Out of Sight

In the process of being vulnerable (and creative), there will always be information and ideas that remain hidden.

Directing a play, for example, requires one to be on high alert for that which is unseen. An actor may suddenly say a line in a way that completely unhinges the entire scene, and if you pay attention to that new delivery, it could allow you to see what you’ve been rehearsing in an entirely new light. There is always potential to learn something and reshape your approach.

Same goes for community-building. There may be information being passed around that makes you feel a certain way about a person or loved one. But what’s the missing information? What are the facts hidden from view that would allow you to see things differently or more holistically?

I feel we too often close ourselves off and ignore the fact we can’t know everything.

I’ve been thinking about this during the protests happening in the US and around the world. I’ve seen white people get riled up because they assume they have all their facts straight. To them, Black people might be “overreacting”. But do they know the history? Do they know what the Black community has actually been facing, and how more “peaceful” protests have failed them in the past? Do they have all the information, or are they acting on something partial and biased?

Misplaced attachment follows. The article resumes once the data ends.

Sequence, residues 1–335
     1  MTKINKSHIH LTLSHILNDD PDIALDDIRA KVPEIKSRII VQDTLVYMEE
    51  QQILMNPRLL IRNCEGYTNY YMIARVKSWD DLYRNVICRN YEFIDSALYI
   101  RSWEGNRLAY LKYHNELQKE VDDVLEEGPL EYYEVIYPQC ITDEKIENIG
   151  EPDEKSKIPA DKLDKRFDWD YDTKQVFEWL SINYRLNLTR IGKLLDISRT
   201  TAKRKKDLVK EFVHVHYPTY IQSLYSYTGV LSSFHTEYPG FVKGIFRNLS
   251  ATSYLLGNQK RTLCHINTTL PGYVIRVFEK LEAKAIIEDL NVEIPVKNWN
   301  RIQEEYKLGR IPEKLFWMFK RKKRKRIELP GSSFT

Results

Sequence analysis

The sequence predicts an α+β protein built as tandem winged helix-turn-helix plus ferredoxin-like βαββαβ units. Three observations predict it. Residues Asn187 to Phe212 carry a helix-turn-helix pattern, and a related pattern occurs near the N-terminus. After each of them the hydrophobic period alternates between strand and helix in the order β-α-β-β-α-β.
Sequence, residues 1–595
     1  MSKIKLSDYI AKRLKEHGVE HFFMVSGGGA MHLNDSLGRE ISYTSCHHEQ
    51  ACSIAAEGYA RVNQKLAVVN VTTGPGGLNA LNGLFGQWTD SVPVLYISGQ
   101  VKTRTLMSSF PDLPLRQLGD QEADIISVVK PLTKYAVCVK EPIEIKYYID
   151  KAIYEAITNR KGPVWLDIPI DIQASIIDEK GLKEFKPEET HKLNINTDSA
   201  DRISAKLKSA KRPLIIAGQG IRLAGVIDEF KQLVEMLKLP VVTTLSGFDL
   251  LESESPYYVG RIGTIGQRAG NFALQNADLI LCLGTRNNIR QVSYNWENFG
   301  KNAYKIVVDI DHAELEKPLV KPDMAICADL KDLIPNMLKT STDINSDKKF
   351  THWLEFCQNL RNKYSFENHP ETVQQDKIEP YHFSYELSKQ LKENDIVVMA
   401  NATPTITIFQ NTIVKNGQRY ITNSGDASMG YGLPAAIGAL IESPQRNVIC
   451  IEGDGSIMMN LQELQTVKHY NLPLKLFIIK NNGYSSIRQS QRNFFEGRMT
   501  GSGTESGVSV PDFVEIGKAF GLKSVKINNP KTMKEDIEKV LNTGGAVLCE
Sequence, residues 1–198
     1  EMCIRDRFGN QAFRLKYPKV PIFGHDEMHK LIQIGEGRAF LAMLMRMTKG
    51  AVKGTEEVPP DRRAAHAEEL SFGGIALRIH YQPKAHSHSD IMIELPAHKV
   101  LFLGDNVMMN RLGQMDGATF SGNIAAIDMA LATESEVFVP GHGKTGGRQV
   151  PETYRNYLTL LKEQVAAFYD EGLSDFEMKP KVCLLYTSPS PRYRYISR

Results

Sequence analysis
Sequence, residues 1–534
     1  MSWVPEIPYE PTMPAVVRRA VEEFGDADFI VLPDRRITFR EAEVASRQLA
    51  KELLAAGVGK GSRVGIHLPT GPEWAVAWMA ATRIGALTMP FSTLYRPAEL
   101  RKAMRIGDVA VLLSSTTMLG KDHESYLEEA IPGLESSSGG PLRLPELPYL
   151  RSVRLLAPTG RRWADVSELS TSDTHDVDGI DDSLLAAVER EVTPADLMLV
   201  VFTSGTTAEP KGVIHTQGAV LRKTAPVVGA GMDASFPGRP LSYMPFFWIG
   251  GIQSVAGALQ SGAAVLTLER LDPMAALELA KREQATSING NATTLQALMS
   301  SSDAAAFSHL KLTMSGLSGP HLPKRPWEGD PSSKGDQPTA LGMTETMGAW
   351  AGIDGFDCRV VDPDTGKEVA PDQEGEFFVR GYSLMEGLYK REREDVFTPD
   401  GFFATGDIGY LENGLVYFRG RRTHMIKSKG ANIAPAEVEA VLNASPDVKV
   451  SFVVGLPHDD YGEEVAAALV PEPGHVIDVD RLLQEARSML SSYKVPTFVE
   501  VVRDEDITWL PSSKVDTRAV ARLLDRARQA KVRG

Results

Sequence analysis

We have to face the difficult truth that we often don’t know everything. Whether that’s in a rehearsal room, in our circle of friends, on Twitter, or out on the streets. We have to practise listening, and effective listening happens when we accept that we have things to learn. Communities have been silenced for too long and it is time for white people, who are supported by our current systems and policies, to take up less space. So, fellow white people: leave real estate in your minds for what you do not yet know. Listen.

Another book I’m adding to my list: How to Argue With a Racist by Adam Rutherford.

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